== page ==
Then back up the mown path on the hill, down the valley, and up the valley again. It was mucky. Did I mention the wrong shoes? And I wanted to have one last, longing look at the garden before heading to our next destination.

Another peek at the sage testing garden. This sage might be Salvia ‘Phyllis’ Fancy’
Along the main terrace bed, with its repetition of grand tropical foliage
Astilbe, Salvia, dark leaf Sedum aka Hylotelephium, Dahlia. Who would think these would work together? But they do: A rooted bouquet.
The beginning of the central path in early September. I’d love to return to see this in other seasons.
Finally, the path to the back garden where we saw the succulents. The tall purples (centre) are another North American plant, Eupatorium atropurpureum (now called Eutrochium; correct me if I’m wrong).

Reluctantly, we had to leave, because our next port of call was the garden of Jimi’s sister, not far away. Closing time was approaching, and clouds beginning to gather again.

Stopping to chat with Jimi first, we learned that Paul Zammit, Toronto Botanical Garden’s director of horticulture, had visited just days before. So we’re not the only Toronto gardeners finding inspiration in Irish gardens. We hope you will, too.

Coming soon in this series on gardens to visit in Ireland: my look at June Blake’s garden, a very different space.

Want to visit more Irish gardens?

We know that Toronto gardeners like to visit gardens around the world. So for more on our garden travelogue of Ireland, you can also our posts on:

  • The garden of Jimi’s sister, June Blake, around the corner in Blessington
  • Kylemore Abbey and its Victorian walled garden in Connemara
  • The historic Edwardian garden designed by Harold Peto

14 comments

  1. You took a lot of the same images that I did when we were there in August! Jimi is a wonderful human being and it was an honour to visit him. Did you get to see his sister’s garden next door?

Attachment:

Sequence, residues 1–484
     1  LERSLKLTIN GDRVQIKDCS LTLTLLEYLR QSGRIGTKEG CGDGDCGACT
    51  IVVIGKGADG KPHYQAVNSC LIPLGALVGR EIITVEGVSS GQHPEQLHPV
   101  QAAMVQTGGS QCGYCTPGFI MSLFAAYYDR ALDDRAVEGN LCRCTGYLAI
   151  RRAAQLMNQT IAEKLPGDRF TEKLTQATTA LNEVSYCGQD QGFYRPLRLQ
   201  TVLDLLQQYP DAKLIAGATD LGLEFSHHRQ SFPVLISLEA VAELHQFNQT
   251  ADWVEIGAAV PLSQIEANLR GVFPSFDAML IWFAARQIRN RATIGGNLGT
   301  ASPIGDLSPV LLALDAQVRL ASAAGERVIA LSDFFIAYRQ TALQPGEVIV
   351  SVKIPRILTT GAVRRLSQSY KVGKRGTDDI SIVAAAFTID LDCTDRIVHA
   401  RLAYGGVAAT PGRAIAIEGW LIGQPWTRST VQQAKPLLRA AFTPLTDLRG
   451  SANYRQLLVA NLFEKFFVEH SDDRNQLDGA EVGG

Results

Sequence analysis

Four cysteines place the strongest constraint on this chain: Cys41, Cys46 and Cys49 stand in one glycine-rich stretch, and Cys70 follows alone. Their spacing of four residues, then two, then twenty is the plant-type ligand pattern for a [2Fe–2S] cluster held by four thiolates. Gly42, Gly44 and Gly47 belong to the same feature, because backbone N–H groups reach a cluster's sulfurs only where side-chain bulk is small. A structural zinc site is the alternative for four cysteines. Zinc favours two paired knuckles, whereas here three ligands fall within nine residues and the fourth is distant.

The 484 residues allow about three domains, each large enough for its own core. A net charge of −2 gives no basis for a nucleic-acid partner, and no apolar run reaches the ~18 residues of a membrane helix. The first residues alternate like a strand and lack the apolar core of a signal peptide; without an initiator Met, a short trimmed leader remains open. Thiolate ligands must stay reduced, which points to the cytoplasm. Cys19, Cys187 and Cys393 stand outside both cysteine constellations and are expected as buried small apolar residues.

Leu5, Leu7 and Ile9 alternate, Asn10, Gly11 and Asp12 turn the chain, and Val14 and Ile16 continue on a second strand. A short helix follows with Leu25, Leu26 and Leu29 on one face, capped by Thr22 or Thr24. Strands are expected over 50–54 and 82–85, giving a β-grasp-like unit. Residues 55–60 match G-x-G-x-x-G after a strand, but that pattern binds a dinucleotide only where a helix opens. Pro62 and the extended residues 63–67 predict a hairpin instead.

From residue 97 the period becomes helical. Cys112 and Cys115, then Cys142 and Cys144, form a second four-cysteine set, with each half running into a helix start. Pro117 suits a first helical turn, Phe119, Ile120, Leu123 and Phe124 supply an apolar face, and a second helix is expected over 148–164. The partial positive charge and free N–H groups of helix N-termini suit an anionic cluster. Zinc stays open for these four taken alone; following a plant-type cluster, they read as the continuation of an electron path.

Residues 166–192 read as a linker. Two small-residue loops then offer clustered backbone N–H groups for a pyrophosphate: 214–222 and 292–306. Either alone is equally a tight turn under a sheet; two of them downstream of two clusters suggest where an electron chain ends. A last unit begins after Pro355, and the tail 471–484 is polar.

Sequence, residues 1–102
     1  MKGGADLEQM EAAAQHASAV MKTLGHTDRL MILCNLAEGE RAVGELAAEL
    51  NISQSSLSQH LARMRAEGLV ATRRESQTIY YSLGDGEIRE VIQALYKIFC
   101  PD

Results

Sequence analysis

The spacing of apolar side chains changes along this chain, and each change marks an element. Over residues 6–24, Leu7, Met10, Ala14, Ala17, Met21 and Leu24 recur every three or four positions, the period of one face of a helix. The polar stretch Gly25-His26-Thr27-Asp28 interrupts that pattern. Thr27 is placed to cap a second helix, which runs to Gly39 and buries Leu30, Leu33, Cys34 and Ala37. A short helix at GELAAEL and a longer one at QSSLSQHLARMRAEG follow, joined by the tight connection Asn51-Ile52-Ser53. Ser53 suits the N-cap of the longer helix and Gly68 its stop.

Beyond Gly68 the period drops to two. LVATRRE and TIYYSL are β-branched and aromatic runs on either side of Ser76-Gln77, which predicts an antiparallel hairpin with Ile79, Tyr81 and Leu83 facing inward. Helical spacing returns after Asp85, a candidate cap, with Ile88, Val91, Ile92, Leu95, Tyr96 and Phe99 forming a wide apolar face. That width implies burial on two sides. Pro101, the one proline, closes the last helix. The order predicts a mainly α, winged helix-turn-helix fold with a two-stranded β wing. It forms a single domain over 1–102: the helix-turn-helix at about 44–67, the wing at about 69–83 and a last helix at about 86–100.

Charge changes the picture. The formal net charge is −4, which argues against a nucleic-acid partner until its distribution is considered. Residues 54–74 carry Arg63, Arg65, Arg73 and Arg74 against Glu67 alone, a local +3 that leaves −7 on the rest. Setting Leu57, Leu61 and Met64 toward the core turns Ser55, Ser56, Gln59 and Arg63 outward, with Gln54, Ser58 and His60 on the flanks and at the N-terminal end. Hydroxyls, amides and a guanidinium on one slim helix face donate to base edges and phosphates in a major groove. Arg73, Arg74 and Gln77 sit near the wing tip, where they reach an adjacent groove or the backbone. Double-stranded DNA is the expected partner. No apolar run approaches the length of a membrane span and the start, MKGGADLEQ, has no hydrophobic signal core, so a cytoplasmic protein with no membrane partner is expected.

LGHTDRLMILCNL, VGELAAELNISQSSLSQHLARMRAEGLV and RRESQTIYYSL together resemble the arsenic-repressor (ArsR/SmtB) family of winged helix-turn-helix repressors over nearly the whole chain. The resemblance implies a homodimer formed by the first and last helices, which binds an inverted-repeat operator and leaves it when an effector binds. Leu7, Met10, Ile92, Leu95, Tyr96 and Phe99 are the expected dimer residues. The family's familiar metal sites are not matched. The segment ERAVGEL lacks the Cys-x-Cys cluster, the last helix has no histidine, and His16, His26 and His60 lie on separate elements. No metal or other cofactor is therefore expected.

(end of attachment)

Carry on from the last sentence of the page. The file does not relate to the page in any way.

1. We did visit June’s garden, Uli, and I’ll be writing about that next. It was an honour to visit Jimi, and he remembered you two very well.

  2. Beautiful tour of Huntingbrook Gardens. I’m surprised at how many plants we have in common with cool, rainy Ireland. We share a reliance on salvias down here in hot, dry Central Texas. Salvia Amistad is a huge hit in our gardens. I’ve read about Jimi’s gardens from time to time but with your tour and so much about his interest in salvias I will be a follower from now on.

    1. Shirley, you must try to visit. Or head over to his website, where you’ll find other views of this garden at different times of year. It would be great to live next door!

  3. What a great reflection on an exurberant and talented gardener’s garden!

    The hybrid purple Lobelia is something to look for — two of its parents are native for us, and do well on our woodland garden slope. Perhaps it would be happy with a little less moisture than its parents, too.

    1. Susie, he has the remnants of a couple of ring forts on his property, so perhaps they were vestiges. He has a drone video on his website that shows the outlines of one that’s right next to the standing stone. The trouble with Ireland is that you can barely swing a cat without hitting something megalithic.

    1. Rubber boots would have been better, but the shoes will recover. You can click the link in the first paragraph to go visit Jimi’s website, but for reference the website is simply the garden’s name: huntingbrook.com

  4. Thank you for this introduction to a garden I was unaware of until now. As far as Irish gardens, I’ve been mourning the loss of Helen Dillon’s Dublin garden, so it’s great to know there’s lots more to Ireland, garden-wise!